Nicola Valley Institute of Technology

Merritt, British Columbia
Busby + Associates Architects

One of Canada’s first post-secondary facilities shared by a Native and non-Native institute, the Nicola Valley Institute of Technology was designed to reflect the cultural characteristics of the Aboriginal students, and to provide state-of-the-art learning spaces required by University College of the Cariboo. The program included classrooms, faculty offices, social spaces, labs, bookstore, cafeteria, and library. Internal “siting” of functional spaces was intended to eliminate any sense of hierarchy.

The design process involved intensive user-group interaction and numerous site visits with the Native elders. The semi-circular shape was the first gesture in the master plan. This shape is a meaningful and recurring Native theme and its use in the ceremonial arbour provides the focus of the space. Both the arbour and the building are oriented on the cardinal points with the building’s main entrance on the east axis, symbolizing the start of the day.

The building is designed as a cold climate green building, and this commitment to the “new technology” of environmental sustainability is in clear alignment with the historical Aboriginal structures of the area. The building emerges from the sloping site and evolves into a three-storey building, minimizing disruption of the undeveloped site. The “inner strip” of the semicircular rooftop is planted, adding to the sense of the building growing out of the landscape.

Traditional Native structures in this area were mainly pithouses and the trees used were small diameter local species. This building is a combination of wood and concrete with a wood column structural system, visually representing pithouse poles rising up through the interior space. A glazed ventilation stack with operable windows is a central feature of the main part of the building, and a critical element in the green design. Tensioned fabric is used in the front entrance canopy as well as in the ventilation stack for shading, a reference to the “stretched skins” utilized in Aboriginal design. A challenging and successful scheme that adheres to the rigorous budget requirements of the Ministry’s value analysis process, this is the first phase of a much larger campus plan on a 43-acre site which will soon be followed by campus housing.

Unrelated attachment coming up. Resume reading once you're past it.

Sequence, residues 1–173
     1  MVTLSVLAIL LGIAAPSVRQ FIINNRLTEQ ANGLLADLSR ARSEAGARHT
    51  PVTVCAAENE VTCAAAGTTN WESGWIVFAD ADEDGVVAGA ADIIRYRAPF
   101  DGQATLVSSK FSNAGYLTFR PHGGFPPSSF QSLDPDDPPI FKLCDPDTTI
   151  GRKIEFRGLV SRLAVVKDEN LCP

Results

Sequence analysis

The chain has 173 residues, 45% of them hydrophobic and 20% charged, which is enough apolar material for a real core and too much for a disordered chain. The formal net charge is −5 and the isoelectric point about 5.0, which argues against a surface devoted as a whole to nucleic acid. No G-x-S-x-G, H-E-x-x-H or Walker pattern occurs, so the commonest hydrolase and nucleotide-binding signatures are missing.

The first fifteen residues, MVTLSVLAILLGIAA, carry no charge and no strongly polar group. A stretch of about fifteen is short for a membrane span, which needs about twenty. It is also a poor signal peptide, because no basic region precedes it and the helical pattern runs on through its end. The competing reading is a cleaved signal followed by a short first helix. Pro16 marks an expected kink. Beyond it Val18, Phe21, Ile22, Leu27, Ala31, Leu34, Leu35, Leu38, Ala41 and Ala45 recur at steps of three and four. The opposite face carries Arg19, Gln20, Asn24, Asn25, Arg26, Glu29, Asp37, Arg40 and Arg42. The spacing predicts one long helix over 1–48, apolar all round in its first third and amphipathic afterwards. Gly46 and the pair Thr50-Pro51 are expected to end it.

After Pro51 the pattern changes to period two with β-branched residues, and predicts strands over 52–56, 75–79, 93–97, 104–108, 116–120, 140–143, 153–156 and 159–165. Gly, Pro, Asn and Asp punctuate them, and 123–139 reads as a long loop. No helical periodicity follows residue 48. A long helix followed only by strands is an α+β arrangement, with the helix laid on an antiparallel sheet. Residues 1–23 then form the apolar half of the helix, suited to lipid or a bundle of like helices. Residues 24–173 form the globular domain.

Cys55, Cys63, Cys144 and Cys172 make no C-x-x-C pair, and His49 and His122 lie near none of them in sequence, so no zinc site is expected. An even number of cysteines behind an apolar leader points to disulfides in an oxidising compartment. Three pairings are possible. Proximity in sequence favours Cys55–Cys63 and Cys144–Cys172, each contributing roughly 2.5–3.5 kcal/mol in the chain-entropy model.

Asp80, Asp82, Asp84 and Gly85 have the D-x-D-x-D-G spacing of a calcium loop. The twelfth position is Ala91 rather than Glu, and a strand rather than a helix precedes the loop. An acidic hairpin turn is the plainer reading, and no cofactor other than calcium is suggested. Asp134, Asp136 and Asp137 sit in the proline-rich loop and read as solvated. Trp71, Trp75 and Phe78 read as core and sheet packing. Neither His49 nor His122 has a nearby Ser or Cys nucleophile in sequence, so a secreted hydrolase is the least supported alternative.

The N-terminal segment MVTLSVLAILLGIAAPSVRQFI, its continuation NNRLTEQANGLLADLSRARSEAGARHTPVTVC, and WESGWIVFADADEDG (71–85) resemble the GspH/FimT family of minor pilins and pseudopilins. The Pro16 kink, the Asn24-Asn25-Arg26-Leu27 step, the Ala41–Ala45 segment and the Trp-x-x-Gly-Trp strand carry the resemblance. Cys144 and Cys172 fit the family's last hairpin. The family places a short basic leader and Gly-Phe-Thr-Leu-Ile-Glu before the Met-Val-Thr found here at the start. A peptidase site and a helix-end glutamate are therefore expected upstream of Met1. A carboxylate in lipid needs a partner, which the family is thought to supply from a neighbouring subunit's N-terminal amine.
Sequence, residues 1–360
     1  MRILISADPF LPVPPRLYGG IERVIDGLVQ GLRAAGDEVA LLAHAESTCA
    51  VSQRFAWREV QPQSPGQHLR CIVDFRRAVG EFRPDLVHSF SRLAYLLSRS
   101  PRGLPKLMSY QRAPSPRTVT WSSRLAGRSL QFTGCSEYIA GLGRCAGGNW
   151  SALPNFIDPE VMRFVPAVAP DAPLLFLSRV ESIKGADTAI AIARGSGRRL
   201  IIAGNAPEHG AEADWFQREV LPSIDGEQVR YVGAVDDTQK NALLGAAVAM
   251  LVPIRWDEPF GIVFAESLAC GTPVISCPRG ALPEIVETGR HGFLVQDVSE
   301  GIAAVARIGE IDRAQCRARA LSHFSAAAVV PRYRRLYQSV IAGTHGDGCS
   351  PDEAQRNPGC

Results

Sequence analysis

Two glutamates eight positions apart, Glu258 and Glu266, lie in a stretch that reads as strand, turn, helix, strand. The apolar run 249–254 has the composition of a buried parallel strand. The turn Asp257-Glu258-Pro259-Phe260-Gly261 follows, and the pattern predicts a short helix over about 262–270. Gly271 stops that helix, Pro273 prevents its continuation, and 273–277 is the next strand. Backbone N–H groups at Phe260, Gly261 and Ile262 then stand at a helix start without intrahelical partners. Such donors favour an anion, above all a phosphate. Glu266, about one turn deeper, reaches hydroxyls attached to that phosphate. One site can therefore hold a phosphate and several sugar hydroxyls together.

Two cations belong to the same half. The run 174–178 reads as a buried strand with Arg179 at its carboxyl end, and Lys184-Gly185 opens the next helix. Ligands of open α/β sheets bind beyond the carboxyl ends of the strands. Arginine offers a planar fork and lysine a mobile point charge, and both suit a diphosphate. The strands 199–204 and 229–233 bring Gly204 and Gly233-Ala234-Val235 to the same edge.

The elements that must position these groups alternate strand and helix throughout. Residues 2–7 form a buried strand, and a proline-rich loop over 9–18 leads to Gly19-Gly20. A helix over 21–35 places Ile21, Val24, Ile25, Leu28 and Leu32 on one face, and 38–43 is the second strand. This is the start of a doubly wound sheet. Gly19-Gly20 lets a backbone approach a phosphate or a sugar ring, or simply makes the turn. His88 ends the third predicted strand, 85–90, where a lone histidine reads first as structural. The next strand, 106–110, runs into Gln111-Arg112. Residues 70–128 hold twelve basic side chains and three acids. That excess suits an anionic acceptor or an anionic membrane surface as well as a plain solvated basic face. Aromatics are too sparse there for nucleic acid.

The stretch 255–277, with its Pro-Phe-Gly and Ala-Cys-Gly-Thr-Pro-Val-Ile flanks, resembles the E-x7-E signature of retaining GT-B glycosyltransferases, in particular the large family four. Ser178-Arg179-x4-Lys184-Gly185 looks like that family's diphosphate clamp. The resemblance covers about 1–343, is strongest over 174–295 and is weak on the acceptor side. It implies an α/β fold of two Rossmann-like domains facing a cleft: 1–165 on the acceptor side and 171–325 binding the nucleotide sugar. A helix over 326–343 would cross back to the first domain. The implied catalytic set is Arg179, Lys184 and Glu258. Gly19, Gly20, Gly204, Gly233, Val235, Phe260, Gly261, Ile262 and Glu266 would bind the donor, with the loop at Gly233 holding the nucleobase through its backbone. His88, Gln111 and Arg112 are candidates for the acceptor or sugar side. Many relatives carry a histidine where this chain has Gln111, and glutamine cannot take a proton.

Andresen: The architecture successfully contributes to the collective order of the institute by defining the central gathering space as an embrace of the open ground and at the scale of the landscape. The landscape connection between the inside and outside is further strengthened by the ceremonial axis linking the great court and the entry hall. The circular geometry is gently handled to reduce its controlling properties whilst retaining its natural enclosing properties. The design offers a range of meeting places distributed to reduce unwanted social and institutional hierarchy.

Macdonald: In establishing a clear geometric figure, the project amplifies the registration of topography and climate while providing a coherent organization of programme and declaring explicit concern for past traditions.

Pearl: This project clearly pays homage to both the cultural roots and philosophical principles of the First Nations community. Without resorting to iconographic quotations, this facility truly explores the values of siting and sustainability, using an imaginative palette of high and low-tech green motifs. From both a technical and compositional perspective, the “modern vernacular” expresses modesty and confidence, as it incorporates local materials and is inspired by its local microclimate.

Teeple: Principles of sustainable design co-mingle with First Nations mythology in a complementary manner in this project. The school is carefully sited, forming high-quality outdoor spaces between itself and the adjacent woods.

Client: Nicola Valley Institute of Technology; University College of the Cariboo

Architect Team: Peter Busby, Robert Drew, David Dove, Veronica Gillies, Susan Gushe, Rod Maas, Rick Piccolo, Soren Schou, Adam Slawinski, Alfred Waugh, Brian Wakelin, Nathan Webster, Thomas Winkler

Structural: Equilibrium Consulting Ltd.

Mechanical: Keen Engineering

Electrical: Earth Tech Canada

Landscape: True Engineering

Interiors: Busby + Associates Architects

Area: 48,632 sq.ft.

Budget: $7.65 million

Completion: June 2002

Photography: Nic Lehoux